What about the income that councils receive from advertising?
Local councils do receive some income from outdoor advertising. In some billboard contracts a local council is the landowner and receives some income from the advertising company. Councils also receive business rates from advertising sites.
However, income from advertising is a relatively tiny portion of the council’s budget, and outdoor advertising is leading to many more harms that directly contradict council goals and funded projects, for example those tackling unhealthy eating, gambling dependency or structural inequalities.
A report by the Economist Intelligence Unit into ‘The Impacts of Banning Advertising Directed at Children in Brazil’ found that banning advertising to children would lead to a healthier population and lower healthcare spending. It also found “positive outcomes from the enforcement of a total ban on child-directed advertising in Brazil—that is, the benefits to Brazilian society of enforcing a ban would be greater than the costs of enforcing it.”
Cities like Chennai, Grenoble, Paris and São Paulo have recognised that the cost, financial and otherwise, of outdoor advertising isn’t worth the income it brings, and have taken steps to remove it – creating space for people and nature.
Advertising doesn’t work on me.
Advertising affects us all, whether we like it or not. Here’s a great video from youth led campaign Bite Back 2030 which shows how. ‘Triple Dipped Chicken’ exposes the tactics being used by advertisers to ensure junk food plays a starring role in kids’ minds.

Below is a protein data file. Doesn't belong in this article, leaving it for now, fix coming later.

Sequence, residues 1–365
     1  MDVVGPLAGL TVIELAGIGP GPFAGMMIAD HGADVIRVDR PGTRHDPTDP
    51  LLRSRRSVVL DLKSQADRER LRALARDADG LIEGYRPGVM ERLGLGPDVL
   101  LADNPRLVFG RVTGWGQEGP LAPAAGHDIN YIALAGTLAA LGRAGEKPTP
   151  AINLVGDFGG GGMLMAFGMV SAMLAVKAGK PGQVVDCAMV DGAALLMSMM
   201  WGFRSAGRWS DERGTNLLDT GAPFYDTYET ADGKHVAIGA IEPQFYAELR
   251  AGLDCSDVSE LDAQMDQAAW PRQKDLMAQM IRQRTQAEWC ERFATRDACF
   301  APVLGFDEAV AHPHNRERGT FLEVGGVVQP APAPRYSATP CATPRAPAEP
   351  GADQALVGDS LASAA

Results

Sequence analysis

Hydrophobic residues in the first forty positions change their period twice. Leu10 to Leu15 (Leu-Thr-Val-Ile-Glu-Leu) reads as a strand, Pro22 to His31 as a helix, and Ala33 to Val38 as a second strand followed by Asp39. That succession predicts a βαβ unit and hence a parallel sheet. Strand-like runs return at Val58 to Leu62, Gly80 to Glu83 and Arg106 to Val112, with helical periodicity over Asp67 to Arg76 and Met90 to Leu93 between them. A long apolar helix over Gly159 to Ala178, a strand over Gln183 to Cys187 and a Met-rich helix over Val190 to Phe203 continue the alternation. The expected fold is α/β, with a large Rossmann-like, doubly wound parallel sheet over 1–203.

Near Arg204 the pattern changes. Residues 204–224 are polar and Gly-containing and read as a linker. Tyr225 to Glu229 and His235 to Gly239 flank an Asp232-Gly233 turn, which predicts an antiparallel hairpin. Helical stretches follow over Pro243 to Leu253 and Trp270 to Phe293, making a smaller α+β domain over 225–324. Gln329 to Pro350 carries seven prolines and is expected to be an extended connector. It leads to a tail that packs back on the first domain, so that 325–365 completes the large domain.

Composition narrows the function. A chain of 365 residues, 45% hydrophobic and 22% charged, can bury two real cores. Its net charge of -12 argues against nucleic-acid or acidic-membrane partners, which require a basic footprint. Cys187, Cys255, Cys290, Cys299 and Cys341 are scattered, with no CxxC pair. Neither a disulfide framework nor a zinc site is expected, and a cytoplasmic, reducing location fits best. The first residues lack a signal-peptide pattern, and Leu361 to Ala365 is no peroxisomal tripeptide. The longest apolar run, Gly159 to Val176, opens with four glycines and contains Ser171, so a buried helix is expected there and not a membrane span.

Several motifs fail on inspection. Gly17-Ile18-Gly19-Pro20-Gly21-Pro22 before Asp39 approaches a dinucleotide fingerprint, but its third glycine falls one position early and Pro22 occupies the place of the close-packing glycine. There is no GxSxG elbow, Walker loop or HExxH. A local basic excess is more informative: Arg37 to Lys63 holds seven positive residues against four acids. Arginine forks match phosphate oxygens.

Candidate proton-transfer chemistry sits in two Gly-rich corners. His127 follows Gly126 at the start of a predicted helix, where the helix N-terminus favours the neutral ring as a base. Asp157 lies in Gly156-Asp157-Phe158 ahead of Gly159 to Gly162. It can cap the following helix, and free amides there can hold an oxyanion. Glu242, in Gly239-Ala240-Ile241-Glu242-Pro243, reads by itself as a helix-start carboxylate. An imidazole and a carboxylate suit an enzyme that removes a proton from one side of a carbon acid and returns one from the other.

Advertising is designed to manipulate us at a subconscious level, playing on our desires and creating an emotional link with a product. With the deeply concerning practice of neuromarketing, brands like McDonald’s, Pepsi and Kraft are going further, employing neuroscience techniques which use brain imaging to identify unconscious states which influence consumer behaviour. By measuring responses to marketing in the unconscious mind, advertisers can adjust their campaigns to trigger responses, leading us to make impulsive decisions.
In the case of billboards, especially the increasing number of huge digital advertising screens in our cities, this advertising is simply impossible to ignore. Not only are we unable to stop looking at the adverts, we are also unable to avoid being influenced by them when we do: research shows that we don’t even have to be paying attention to an advert in order to be influenced by it.
In the UK, £23.5bn was spent on advertising in 2019, including £1.3bn on outdoor advertising (called ‘out-of-home advertising’ by the industry). Big brands and advertisers know it works, and are willing to spend millions on making sure you buy their product.